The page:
This makes a cutting edge an attractive display and the overall look of the sword is simple yet very elegant.
Shirasaya swords are basically used for storage, transport or for display purposes.
From time to time, these are used as disguised weapons and were made famous by the blind Samurai Zatoichi, Japanese gangs and Yakuza movies.
Shirasaya allows the sword to “breath” through the scabbard. This means it should not be painted or lacquered. It is therefore a must to find a scabbard made of natural wood without finishing.
When Did the Shirasaya First Appear?
Experts believe that the Shirasaya first appeared sometime between 1603 and 1868 A.D. during the Edo Period. This was when the Japanese government wanted to establish peace throughout Japan. However, it’s not yet known if the Shirasaya appeared earlier than this era.
The government authorities from that time believed that imposing restrictions on the Samurai class would regulate conflicts among clans. With that, they established specific rules, and one of these was the prohibition of carrying swords.
Since the Samurai didn’t see any further use for their swords, they had to store them for longer periods. And to prevent the blades from acquiring damage, they kept these in a Shirasaya.
This was a special type of sword mounting that retained the quality of a nihonto when stored for extended periods.
Shirasaya in Popular Culture
The shirasaya is often compared with the shikomizue. However, there are some distinct differences between the usages of the two scabbard styles. While the shirasaya and shikomizue are similar in appearance due to the undecorated exterior, the comparison ends there. The shikomizue is a hidden mounting that conceals the blade. It is intended to resemble a walking stick and may be used as such. The mounting could also be used to conceal other weapons like hooks or chains and is often associated with ninjas.
The shikomizue was popularized by the Japanese film and television series Zatoichi. The series ran during the 1960s to 1980s in Japan and told the fictional story of a skilled swordsman who traveled the country, posing as a blind masseuse. The series became popular in the United States following an Americanized remake of the series. That film, calledBlind Fury, is about an American Vietnam War veteran who becomes blind when overseas, but learns to fight from local masters before eventually returning home.
The film industry trend likely contributed to the popularity of the shirasaya among collectors. Modern reproductions are often more elaborate than the historic versions and make attractive display pieces.
There are a few modern films and television series where characters carry a shirasaya in battle, most likely inspired by the Zatoichi films. The fighting style is similar to fencing and the sword is held in one hand. Some of the popular shows that demonstrate this are as follows.
Two live action Japanese films in the 1970s, Lady Snowblood and its sequel, feature a shirasaya. The main character Yuki carries a sword of this style and fights one-handed.
In the Naruto anime and manga series, the character UchihaSasuke carries a sword with a plain shirasaya sheath that also has supernatural powers.
Kanda Yu in the D.Gray-mananime series carries a recognizable sword, which has been replicated as a shirasaya.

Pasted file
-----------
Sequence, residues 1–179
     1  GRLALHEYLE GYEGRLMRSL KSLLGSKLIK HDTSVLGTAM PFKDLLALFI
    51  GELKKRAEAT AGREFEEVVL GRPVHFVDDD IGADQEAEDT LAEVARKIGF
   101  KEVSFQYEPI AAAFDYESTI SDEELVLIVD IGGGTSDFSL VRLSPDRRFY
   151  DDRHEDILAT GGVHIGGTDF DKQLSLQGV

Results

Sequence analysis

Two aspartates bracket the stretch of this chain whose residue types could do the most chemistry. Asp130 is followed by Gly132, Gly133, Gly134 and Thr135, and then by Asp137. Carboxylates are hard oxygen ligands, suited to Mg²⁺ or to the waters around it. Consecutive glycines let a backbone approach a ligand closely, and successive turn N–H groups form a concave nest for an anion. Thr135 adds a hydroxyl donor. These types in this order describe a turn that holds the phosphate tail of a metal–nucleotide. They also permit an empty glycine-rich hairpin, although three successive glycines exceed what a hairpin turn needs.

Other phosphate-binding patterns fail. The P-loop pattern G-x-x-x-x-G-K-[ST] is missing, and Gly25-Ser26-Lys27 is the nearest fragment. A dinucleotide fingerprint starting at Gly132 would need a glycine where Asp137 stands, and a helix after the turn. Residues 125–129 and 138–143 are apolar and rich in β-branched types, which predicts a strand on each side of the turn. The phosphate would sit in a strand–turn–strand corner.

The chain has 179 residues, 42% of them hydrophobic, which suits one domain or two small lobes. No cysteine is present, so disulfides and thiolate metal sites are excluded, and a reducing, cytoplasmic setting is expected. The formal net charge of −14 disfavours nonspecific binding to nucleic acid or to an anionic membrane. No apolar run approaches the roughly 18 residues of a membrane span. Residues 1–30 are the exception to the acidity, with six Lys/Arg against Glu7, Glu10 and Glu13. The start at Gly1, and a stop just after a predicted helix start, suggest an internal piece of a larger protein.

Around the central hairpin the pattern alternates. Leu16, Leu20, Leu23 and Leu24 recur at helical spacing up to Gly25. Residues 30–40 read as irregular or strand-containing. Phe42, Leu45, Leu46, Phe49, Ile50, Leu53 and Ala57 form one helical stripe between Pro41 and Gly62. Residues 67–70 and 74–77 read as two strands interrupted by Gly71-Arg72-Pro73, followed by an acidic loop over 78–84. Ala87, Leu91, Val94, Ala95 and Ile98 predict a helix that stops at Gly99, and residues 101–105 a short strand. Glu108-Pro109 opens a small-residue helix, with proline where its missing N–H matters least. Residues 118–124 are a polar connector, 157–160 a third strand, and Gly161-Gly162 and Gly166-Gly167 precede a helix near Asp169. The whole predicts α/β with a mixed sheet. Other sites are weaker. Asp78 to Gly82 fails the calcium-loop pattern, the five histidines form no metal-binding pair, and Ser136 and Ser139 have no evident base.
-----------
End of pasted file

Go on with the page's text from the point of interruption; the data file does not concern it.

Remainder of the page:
Modern Shirasaya Sword Makers
There are several modern forges that produce Japaneseswords in shirasaya scabbards. Most use the traditional Japanese technique for forging and folding the blades. The shirasaya is often less durable than a koshirae, so many are not intended for combat use. Each of these manufacturers produces this style of sword.
Masahiro is a Chinese manufacturing group of several forges. All of the swords produced include a full tang. The technique varies slightly by the individual forge, but each uses either medium carbon steel or high carbon steel. The majority of their products are appropriate for practice.
Musashi Swords is located in China as collaboration between smaller forges, including the reputable Chris Zhou. The swords are created to suit a wide range of budgets. All are hand-forged using carbon steel. They are functional weapons, primarily for light duty rather than heavy combat.
Ryumon swords are made at the Longquan forge in China. The company produces all types of blades from cheap replicas to museum quality display pieces. Budget weapons are produces using modern techniques, while the more expensive ones are crafted the traditional way. Many of their swords are considered battle ready.
What is the Difference between the shirasaya and Katana?
The Shirasaya is a sword mounting while the katana is a Nihonto. The Shirasaya was used for storing various types of nihonto like the Katana, Wakizashi, Tanto, and more. The Katana, on the other hand, is a Nihonto with a curved blade and a single edge.
The Shirasaya translates to “white scabbard”, which describes its featureless design. It was traditionally made of Honoki, a particular type of wood, and consisted of a Saya and a Tsuka.
It featured the Mekugi-Ana for the Mekugi pegs to keep the blade secure.
The Shirasaya was designed for long-term storage of swords when it wouldn’t be used on the battlefield or for practice. It was tight-fitting to prevent moisture from coming into contact with the blade and protect it from corrosion.
If the blade was going to be used often, it was stored in the Koshirae instead.
Additionally, the Shirasaya doesn’t have a Tsuba and Tsuka wrap. This is why it was not suitable for use in combat.
The Katana was the preferred Nihonto of the Samurai. This replaced the tachi sword during the early Muromachi Period. Its blade is curved and single-edged, while its Tsuba was usually circular. The length of its Tsuka was long enough to accommodate two hands.